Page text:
Hypothalamic–pituitary–gonadal axis involvement in learning and memory and Alzheimer’s disease: more than “just” estrogen
- 1Department of Biological Sciences, Kent State University, Kent, OH, USA
- 2University of Toledo School of Medicine, Toledo, OH, USA
Accumulating studies affirm the effects of age-related endocrine dysfunction on cognitive decline and increasing risk of neurodegenerative diseases. It is well known that estrogens can be protective for cognitive function, and more recently androgens and luteinizing hormone have also been shown to modulate learning and memory. Understanding the mechanisms underlying hypothalamic–pituitary–gonadal axis-associated cognitive dysfunction is crucial for therapeutic advancement. Here, we emphasize that reproductive hormones are influential in maintaining neuronal health and enhancing signaling cascades that lead to cognitive impairment. We summarize and critically evaluate age-related changes in the endocrine system, their implications in the development of Alzheimer’s disease, and the therapeutic potential of endocrine modulation in the prevention of age-related cognitive decline.
As the baby boomer generation continues to age and advances in medicine have resulted in longer life expectancy, it is vital to consider the eminent risk of age-associated neurodegenerative diseases, such as Alzheimer’s disease (AD) and their effects on our society. The number of people diagnosed with AD is estimated to be over 13 million by 2050 (1). Furthermore, expense estimates for AD and dementia patient care in the United States alone are over $180 billion per year, which makes dementia one of the most costly diseases (2). Not only will more individuals continue to be diagnosed and threatened with neurodegenerative disease, but their caregivers will also suffer more physical, mental, and economic burdens.
Senile plaques containing amyloid-β, neurofibrillary tangles comprised of aggregated tau and cell death in the hippocampal formation are the hallmark pathologies of AD (3). Clinically, AD is characterized by prominent deficits in memory and attention leading to deterioration of judgment, language skills, and spatial orientation as the disease progresses (4). While AD pathogenesis has been linked to oxidative stress, inflammation, and neuronal dysfunction, concrete evidence explaining disease pathogenesis is absent, compelling us and others to search beyond the hallmark pathologies for alternative molecular cues underlying AD pathogenesis (5).
Hormones are known to impact central nervous system (CNS) function and stability (6), and gonadal hormones have been extensively studied for their effect on cognition in elderly men and women (7). We believe that age-associated endocrine system dysfunction is a major factor in the onset and progression of neurodegenerative diseases. This is supported by research showing changes in gender and age-dependent reproductive hormones increases the risk of AD, therefore implicating the hypothalamic–pituitary–gonadal (HPG) axis (8–14).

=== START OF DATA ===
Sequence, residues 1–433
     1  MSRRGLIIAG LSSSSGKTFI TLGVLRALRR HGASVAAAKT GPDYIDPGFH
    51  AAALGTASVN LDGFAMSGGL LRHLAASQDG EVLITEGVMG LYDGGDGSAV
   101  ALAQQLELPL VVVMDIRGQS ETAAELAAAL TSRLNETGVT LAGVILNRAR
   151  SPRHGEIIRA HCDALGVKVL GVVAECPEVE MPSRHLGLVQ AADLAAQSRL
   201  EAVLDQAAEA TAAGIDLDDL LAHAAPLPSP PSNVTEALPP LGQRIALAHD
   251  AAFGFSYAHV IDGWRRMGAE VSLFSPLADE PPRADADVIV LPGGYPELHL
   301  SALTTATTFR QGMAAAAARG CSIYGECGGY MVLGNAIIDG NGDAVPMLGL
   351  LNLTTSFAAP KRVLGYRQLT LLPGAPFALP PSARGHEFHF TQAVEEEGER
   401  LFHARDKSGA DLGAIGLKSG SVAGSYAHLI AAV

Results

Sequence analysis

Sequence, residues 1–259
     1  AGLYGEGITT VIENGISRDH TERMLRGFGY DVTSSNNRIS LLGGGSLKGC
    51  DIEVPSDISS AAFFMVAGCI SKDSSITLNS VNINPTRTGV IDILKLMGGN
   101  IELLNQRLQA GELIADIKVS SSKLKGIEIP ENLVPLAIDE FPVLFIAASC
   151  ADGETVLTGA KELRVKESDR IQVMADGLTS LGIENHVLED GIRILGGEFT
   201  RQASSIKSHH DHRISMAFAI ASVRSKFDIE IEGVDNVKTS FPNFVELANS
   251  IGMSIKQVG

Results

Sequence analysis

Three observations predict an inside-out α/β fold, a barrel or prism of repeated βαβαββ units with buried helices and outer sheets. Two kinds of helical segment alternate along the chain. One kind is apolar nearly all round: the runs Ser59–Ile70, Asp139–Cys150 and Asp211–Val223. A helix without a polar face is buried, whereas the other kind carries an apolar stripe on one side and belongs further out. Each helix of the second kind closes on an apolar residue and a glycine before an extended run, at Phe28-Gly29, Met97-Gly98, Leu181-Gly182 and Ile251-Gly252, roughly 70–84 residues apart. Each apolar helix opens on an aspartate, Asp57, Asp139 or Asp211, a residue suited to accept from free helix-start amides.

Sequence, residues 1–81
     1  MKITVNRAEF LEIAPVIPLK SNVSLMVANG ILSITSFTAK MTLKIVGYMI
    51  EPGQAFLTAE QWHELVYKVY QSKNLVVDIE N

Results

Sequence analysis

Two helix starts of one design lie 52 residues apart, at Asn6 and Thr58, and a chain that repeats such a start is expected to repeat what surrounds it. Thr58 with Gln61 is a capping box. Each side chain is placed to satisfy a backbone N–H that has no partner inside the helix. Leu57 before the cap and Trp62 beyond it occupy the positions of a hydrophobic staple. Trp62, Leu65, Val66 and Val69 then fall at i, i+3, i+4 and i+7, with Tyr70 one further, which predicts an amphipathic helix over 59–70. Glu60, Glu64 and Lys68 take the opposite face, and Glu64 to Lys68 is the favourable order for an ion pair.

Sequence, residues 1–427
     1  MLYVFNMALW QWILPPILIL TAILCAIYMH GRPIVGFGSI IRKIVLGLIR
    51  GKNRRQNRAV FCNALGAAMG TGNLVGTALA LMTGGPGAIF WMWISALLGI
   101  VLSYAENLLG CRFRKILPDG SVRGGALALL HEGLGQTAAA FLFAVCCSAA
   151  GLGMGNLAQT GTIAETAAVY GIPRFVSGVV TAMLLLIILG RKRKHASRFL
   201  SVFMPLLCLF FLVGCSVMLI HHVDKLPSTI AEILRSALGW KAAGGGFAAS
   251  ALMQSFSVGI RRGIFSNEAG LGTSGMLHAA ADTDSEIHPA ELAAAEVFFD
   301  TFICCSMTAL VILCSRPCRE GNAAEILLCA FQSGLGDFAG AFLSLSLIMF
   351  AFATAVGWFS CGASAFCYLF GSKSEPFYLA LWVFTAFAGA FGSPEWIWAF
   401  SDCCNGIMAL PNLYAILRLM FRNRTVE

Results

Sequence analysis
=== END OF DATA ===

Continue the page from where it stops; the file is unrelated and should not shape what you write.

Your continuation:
The HPG axis is controlled by a negative feedback loop. In the healthy brain, the hypothalamus releases gonadotropin-releasing hormone (GnRH) into the median eminence, and then GnRH is transported via the hypophyseal portal system to the anterior pituitary where it acts on its receptor (GnRHR). Signaling from GnRHR leads to the production and secretion of the gonadotropins, including luteinizing hormone (LH) and follicle-stimulating hormone (FSH). Once the gonadotropins are secreted into the blood stream, LH acts on its receptor in the gonads, which in turn stimulates the release of the sex steroids, androgens and estrogens. These sex steroids complete a negative feedback loop by inhibiting the release of GnRH.
Peripheral hormone levels have long been implicated in changes of behavior. Studies of the modulatory effects of hormones on cognition have led to the discovery that hormone receptors are expressed in the CNS (15, 16). Importantly, many of these hormone receptors are present in areas of the brain associated with learning and memory, such as the hippocampus. Crucial to HPG axis dysfunction and its connection to AD is that the rate of hormone synthesis varies throughout one’s life. With age, androgen production decreases gradually in men, while there is an abrupt diminution in gonadal secretion of estrogens in women. Besides, the dysregulation of the HPG axis caused by menopause may be due to a diminished ability of estrogens to inhibit the hypothalamus (17, 18). Interestingly, in addition to the negative feedback estrogens have on the HPG axis, estrogens can also produce positive feedback, which is necessary for fertility (19) and is attenuated with age (20). This body of work strongly suggests that cognitive function may rely on the levels of sex steroids and gonadotropins, implicating HPG axis dysfunction as a factor in the strong correlation between aging and dementia.